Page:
Friday, October 1, 2010

In Vitro and In Vivo Anticancer Activity of a Novel Nano-sized Formulation Based on Self-assembling Polymers Against Pancreatic Cancer

PurposeTo evaluate the in vitro and in vivo pancreatic anticancer activity of a nano-sized formulation based on novel polyallylamine grafted with 5% mole cholesteryl pendant groups (CH5-PAA).
MethodsInsoluble novel anticancer drug, Bisnaphthalimidopropyldiaaminooctane (BNIPDaoct), was loaded into CH5-PAA polymeric self-assemblies by probe sonication. Hydrodynamic diameters and polydispersity index measurements were determined by photon correlation spectroscopy. The in vitro cytotoxicity evaluation of the formulation was carried out by the sulforhodamine B dye assay with human pancreatic adenocarcinoma BxPC-3 cells, while for the in vivo study, Xenograff mice were used. In vitro apoptotic cell death from the drug formulation was confirmed by flow cytometric analysis.
ResultsThe aqueous polymer-drug formulation had a mean hydrodynamic size of 183 nm. The drug aqueous solubility was increased from negligible concentration to 0.3 mg mL−1. CH5-PAA polymer alone did not exhibit cytotoxicity, but the new polymer-drug formulation showed potent in vitro and in vivo anticancer activity. The mode of cell death in the in vitro study was confirmed to be apoptotic. The in vivo results revealed that the CH5-PAA alone did not have any anti-proliferative effect, but the CH5-PAA-drug formulation exhibited similar tumour reduction efficacy as the commercial drug, gemcitabine.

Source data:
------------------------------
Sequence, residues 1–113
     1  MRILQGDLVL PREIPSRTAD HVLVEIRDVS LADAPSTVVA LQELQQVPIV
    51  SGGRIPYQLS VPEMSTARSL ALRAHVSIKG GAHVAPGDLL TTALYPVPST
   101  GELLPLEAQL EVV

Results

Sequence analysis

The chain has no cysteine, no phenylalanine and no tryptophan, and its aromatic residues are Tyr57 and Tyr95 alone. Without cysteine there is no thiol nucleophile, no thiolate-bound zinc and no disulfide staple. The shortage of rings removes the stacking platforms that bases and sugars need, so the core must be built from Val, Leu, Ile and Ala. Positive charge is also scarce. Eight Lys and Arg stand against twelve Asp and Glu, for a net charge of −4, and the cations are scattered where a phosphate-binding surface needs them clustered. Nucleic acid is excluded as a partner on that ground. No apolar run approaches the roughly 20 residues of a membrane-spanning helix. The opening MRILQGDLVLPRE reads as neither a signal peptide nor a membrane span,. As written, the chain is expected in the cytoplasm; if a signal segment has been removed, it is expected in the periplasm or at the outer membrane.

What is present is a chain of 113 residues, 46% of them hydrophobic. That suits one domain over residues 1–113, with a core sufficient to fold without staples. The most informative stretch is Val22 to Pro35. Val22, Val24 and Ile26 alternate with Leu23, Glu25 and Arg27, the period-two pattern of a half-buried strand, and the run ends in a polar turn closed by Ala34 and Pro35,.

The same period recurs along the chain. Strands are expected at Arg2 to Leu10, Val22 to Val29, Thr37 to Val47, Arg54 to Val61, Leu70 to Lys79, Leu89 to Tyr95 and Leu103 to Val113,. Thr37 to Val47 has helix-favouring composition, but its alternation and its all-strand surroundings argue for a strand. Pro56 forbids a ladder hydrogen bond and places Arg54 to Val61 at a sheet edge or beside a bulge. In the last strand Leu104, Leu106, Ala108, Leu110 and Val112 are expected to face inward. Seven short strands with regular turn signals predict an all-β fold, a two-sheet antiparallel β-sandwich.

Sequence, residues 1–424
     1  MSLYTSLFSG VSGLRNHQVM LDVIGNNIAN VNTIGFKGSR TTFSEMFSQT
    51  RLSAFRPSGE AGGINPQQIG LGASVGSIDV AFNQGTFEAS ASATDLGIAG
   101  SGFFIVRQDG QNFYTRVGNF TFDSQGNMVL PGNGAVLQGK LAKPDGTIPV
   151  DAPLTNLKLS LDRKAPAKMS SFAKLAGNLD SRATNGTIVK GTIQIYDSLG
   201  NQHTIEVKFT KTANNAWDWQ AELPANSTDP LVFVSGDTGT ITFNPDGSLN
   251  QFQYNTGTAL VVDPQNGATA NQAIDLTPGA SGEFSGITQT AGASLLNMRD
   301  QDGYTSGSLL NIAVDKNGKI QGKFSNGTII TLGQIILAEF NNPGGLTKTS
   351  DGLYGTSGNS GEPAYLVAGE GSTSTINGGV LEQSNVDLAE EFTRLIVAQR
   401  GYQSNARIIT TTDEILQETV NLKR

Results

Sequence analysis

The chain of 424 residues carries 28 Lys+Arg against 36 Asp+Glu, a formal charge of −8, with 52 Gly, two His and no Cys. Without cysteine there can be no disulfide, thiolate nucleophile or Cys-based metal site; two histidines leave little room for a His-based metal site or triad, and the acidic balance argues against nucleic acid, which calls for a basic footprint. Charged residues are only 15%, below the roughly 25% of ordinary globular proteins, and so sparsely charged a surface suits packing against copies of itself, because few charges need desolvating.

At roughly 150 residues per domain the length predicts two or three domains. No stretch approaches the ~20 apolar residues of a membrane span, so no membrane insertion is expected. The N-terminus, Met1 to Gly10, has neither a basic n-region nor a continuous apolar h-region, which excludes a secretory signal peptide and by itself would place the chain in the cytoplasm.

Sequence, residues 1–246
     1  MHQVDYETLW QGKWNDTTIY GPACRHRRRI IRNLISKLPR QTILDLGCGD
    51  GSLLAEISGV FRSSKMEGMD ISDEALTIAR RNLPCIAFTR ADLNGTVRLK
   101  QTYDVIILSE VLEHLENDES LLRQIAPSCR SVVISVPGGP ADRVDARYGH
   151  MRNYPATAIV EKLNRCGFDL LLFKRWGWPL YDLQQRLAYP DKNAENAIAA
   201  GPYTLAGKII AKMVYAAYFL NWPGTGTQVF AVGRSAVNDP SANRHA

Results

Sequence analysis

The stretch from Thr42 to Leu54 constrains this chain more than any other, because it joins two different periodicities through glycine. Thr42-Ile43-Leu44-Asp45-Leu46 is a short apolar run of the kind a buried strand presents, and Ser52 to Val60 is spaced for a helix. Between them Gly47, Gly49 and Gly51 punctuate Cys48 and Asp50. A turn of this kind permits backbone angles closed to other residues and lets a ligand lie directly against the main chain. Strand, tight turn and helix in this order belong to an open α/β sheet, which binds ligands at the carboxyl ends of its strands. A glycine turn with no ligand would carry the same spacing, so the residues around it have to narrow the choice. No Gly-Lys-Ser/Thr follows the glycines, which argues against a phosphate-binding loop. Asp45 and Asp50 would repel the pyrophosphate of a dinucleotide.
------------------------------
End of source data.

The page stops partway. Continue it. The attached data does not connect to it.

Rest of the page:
ConclusionsThe proposed formulation shows potential as pancreatic cancer therapeutics.

1 comment:

jonathan said...

In a given solvent at a particular temperature, as molecular weight increases, the solubility of a polymer decreases.Polymer solubility also provide good information i hope this will also helpful to you all. This same behavior is also noticed as crosslinking degree increases, since strongly crosslinked polymers will inhibit the interaction between polymer chains and solvent molecules, preventing those polymer chains from being transported into solution.* *A similar situation occurs with crystalline macromolecules, although in such a case the dissolution can be forced if an appropriate solvent is available, or warming the polymer up to temperatures slightly below its crystalline melting point (T_m ). For example, highly crystalline linear polyethylene <../../pe.htm> (T_m = 135ºC) can be dissolved in several solvents above 100ºC. Nylon 6.6 <../../nylon.htm> (T_m = 265ºC), a crystalline polymer which is more polar than polyethylene, can be dissolved at room temperature in the presence of solvents with enough ability to interact with its chains, through for example, hydrogen bonding. Branched polymer chains generally increase solubility, although the rate at which this solubility occurs, depends on the particular type of branching. Chains containing long branches, cause dense entanglements making difficult the penetration of solvent molecules. Therefore the rate of dissolution in these cases becomes slower than if it was short branching, where the interaction between chains is practically non-existent